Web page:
If you were stranded on a desert island with only one plug-in, what would it be?

I have two answers, one for 2D and one for 3D. The 3D one is easy; X-Particles but I’m loving DEM Earth and Arnold Renderer. For 2D work, years ago I would have said Trapcode Particular, then later I would have said Optical Flares or Looks. My answer now without hesitation would be Genarts Sapphire. Expensive? Yes. But worth every penny in my opinion.

Do you use stock footage/images?

No, I don’t personally, only if the client has supplied it.

Do you shoot?

I want to shoot more. I mainly just capture images on my iPhone or Nikon D80. I’d love to get a camera like the Sony A7s and do some more filming. I used to film things all the time growing up and miss doing that.

What is your computer system setup?

I have several Macs and use 2 Mac Pros and 2 Mac Minis as a Team Render setup. My main machine is a custom 8 core Mac Pro 2013. I replaced the processor myself from a 4 core to a faster 8 core sold by OWC. At home I have a MacBook Pro.

Do you use a Wacom pen or a mouse?

I could not work without a Wacom pen. I use the small Intuos 5 Touch.

Do you experiment a lot with new tools/techniques or stick to what you know?

I’m always looking to learn new techniques and software so I definitely experiment. I like to go out of my comfort zone and try out new applications. I’m currently learning Houdini but it’s early days on that.

Do you look around for inspiration or you simply create whatever comes into your head?

Getting some fresh air can help my brain find the solution.

I do both. An idea can spark into life in my head but feel undeveloped. By looking around for inspiration it can help refine the idea and make it more fully formed. The Internet is great for inspiration but can be overwhelming too. If you are on sites like Pinterest you can get sucked in and lose focus of what you were looking for. My family and daughter inspire me, I get a lot of ideas from kids books and TV programs because I love the illustrations. Going for long walks and giving yourself time to reflect and process is really useful. You can take the opportunity to organise and clarify your thoughts. So if I’m stuck either creatively or on something technical, I find just stepping back from the computer and getting some fresh air can help my brain find the solution.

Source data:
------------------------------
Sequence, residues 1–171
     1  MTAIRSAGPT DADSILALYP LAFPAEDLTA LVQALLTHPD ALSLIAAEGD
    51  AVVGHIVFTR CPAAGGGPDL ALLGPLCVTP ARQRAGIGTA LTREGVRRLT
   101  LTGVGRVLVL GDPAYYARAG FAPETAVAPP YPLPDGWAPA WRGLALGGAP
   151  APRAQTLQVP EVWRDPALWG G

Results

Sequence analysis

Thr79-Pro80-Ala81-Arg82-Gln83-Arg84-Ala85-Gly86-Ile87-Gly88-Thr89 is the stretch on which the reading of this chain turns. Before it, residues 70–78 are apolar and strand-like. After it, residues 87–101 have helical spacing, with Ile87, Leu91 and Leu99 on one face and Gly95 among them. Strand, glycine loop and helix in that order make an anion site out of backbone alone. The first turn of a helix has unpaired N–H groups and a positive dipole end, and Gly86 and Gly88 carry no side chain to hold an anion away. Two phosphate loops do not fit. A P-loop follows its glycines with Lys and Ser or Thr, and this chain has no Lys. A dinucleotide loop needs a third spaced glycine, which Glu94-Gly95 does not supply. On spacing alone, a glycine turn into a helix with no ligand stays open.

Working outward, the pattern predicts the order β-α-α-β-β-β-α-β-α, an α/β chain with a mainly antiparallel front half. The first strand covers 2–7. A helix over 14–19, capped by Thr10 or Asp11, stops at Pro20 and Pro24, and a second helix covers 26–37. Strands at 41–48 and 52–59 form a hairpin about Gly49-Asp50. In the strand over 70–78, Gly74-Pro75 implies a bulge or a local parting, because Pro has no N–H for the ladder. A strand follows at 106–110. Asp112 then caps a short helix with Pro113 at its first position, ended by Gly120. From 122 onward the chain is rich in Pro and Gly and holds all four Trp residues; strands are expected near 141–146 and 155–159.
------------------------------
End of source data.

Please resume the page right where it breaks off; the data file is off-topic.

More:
Can you tell us about a recent project that you enjoyed?

I really enjoyed working on the pre-game Halloween show for the Sacramento Kings because there were a lot of challenges to overcome such as character rigging and animation. I spent around a month creating a minute of 3D animation which was then projection mapped onto the court.

If you could only focus on one area what would it be and why?

I’d probably choose a visual style and just work on those kinds of projects, so the flat illustrated look for example. I’d mix those beautifully illustrated assets with 2D and 3D animations to create the overall look. Tweaking keyframes until the motion is just right is quite satisfying.

Could you share a specific technique that you use all the time in your work?